# Calculating an integral using the Laplace transform

I'm looking for a "polite" way to calculate this integral using Laplace transform:

$$\int_0^{+\infty} \frac{e^{-ax} - e^{-bx} }{x} dx.$$

Now the impolite way is to invoke a famous theorem from basic differential equations: $$\mathcal{L}( f(x)/x) = \int_s^\infty F(t) dt,$$

Where $$F$$ is the LT of $$f$$. Setting $$f(x)/x= 1/x$$ in this theorem (and recalling the definition of LT) gives $$\int_0^\infty \frac{e^{-ax}}{x} = \infty - \ln(a).$$ Similarly $$\int_0^\infty \frac{e^{-bx}}{x} = \infty - \ln(b).$$

Putting the results together and cancelling infinity gives the final result $$\ln \frac{b}{a}$$ which I know for a fact is the true value of the integral. But I also know too well that cancelling infinity is not allowed. So what is the trick?

• Hi @Erfan, I'm no expert in Laplace transforms but perhaps this may come in handy proofwiki.org/wiki/… Commented Dec 27, 2020 at 10:11
• Maybe of interest: math.stackexchange.com/questions/61828/… Commented Dec 27, 2020 at 10:15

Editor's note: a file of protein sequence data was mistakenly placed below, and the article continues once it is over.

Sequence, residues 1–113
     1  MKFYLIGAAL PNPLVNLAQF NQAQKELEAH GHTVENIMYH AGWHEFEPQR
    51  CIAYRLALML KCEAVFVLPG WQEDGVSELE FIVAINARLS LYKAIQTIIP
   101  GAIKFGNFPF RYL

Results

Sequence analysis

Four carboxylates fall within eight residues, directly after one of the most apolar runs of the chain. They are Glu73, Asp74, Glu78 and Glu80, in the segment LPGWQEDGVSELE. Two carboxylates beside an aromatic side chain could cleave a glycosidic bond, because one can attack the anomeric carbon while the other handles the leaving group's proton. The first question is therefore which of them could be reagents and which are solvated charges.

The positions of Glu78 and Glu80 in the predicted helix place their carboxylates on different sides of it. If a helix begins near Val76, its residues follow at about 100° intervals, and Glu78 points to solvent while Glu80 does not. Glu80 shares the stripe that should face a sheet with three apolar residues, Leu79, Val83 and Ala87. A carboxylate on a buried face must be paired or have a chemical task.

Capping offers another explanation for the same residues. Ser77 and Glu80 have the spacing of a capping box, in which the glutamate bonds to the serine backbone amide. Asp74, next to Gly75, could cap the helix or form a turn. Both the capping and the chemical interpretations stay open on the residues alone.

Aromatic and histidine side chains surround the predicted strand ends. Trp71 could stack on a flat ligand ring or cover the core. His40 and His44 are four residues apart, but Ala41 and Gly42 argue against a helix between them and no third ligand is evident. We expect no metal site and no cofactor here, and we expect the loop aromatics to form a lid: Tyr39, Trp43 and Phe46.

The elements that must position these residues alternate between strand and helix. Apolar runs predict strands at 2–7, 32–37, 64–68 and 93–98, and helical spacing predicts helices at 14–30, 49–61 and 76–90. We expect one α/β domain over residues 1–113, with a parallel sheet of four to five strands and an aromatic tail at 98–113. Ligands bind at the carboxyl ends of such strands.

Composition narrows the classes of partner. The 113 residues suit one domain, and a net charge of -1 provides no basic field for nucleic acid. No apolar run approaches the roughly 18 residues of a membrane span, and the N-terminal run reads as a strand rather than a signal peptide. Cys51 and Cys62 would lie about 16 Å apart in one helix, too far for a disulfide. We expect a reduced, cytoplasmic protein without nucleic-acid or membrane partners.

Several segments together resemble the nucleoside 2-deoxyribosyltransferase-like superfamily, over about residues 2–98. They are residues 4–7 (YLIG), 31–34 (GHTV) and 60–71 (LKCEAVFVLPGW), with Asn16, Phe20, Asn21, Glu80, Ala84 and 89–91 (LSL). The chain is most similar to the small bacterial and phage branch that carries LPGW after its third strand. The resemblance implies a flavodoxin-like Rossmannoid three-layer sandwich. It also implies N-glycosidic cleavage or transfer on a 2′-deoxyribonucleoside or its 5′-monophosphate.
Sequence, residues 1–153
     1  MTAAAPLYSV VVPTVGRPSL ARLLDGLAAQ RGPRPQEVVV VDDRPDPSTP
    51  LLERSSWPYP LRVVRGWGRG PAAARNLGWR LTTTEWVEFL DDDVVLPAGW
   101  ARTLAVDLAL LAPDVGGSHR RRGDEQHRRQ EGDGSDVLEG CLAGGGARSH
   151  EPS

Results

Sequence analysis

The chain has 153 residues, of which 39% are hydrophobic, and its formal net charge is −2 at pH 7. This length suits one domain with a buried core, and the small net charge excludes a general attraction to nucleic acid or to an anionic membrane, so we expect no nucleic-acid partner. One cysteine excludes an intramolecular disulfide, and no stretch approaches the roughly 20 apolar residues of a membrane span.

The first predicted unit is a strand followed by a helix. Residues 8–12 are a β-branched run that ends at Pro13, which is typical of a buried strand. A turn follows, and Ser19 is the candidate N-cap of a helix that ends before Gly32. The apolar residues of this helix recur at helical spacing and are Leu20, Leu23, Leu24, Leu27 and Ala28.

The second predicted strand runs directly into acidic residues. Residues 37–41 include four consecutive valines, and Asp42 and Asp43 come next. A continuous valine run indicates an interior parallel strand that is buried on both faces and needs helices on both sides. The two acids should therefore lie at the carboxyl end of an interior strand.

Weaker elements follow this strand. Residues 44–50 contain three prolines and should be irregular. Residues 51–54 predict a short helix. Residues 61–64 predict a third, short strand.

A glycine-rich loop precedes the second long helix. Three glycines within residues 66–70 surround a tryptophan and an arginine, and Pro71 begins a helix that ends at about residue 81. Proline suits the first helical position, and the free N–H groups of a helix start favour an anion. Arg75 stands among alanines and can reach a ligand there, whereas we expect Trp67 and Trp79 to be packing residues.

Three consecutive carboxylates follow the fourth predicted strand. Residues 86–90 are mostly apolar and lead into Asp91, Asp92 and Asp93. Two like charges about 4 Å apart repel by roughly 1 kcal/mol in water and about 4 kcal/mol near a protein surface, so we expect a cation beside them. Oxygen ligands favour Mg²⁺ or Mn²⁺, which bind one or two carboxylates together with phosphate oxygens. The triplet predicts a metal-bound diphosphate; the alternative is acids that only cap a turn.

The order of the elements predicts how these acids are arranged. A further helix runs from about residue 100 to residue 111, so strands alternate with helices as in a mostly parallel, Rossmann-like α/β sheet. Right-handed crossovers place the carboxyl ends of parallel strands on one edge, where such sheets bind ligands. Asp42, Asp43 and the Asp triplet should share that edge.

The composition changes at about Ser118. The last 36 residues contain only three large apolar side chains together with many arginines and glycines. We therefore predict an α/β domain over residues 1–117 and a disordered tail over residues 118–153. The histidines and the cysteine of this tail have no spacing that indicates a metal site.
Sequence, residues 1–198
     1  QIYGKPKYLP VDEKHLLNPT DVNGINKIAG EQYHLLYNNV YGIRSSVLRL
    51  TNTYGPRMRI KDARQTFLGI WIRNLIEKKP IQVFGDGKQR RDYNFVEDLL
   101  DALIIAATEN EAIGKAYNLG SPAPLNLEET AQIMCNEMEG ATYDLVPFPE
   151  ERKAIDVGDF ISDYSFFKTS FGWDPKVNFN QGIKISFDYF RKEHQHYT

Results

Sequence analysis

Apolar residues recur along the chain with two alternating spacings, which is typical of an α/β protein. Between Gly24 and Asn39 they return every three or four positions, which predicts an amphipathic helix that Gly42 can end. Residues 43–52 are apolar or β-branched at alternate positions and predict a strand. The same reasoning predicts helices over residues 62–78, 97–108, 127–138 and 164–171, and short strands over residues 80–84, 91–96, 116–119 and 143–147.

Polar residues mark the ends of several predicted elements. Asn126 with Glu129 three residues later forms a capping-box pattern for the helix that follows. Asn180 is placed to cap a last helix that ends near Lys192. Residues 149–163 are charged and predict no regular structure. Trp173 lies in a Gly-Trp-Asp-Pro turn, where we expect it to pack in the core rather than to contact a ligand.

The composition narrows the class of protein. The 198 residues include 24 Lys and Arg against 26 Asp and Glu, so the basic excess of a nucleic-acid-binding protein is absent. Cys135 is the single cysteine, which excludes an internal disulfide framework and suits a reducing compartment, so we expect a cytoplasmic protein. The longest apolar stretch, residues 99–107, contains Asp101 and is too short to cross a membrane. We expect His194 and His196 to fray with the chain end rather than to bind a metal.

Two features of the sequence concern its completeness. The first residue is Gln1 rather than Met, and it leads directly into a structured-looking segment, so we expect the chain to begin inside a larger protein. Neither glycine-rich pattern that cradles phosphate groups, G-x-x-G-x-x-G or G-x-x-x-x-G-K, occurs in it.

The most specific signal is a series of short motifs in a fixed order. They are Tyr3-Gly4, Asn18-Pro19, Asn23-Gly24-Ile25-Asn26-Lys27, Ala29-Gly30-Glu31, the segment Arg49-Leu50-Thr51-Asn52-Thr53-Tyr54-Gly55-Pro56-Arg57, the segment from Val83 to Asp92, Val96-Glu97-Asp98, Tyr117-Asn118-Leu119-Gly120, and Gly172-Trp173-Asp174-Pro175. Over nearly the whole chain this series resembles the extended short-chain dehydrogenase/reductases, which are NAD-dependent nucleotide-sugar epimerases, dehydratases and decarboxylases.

• Have you ever heard of Frullani's Integral? Commented Dec 27, 2020 at 15:40
• @Dmoreno Hi it was indeed helpful thanks Commented Dec 27, 2020 at 18:29
• @Hans I think the Laplace method isn't discussed there, nevertheless it was insightful. Thanks! Commented Dec 27, 2020 at 18:30

$$g(x) = \frac{e^{-ax} - e^{-bx} }{x} = \frac{(1-e^{-bx}) - (1-e^{-ax}) }{x}= \frac{f_b(x)}{x} - \frac{f_a(x)}{x}$$ where
$$f_c(x) = (1- e^{-cx})$$ for $$c \gt 0$$. Then denoting the step function by $$u$$ we have $$\mathcal L(f_c \cdot u)(s) = \frac{c}{s(s+c)}$$ and
\begin{aligned}\mathcal{L}( g)(s) &= \int_s^\infty F(t) dt = \int_s^\infty \left(\frac{b}{t(t+b)}-\frac{a}{t(t+a)}\right) \ dt\\ &= \int_s^\infty \left(\frac{1}{t+a}-\frac{1}{t+b}\right) \ dt\\ &= \ln\left(\frac{s+b}{s+a}\right) \end{aligned}
The desired equality is finally obtained by plugging in $$s=0$$ in previous equation.
• Thanks for the answer. Is $u(t)$ the unit step function? Commented Dec 27, 2020 at 18:34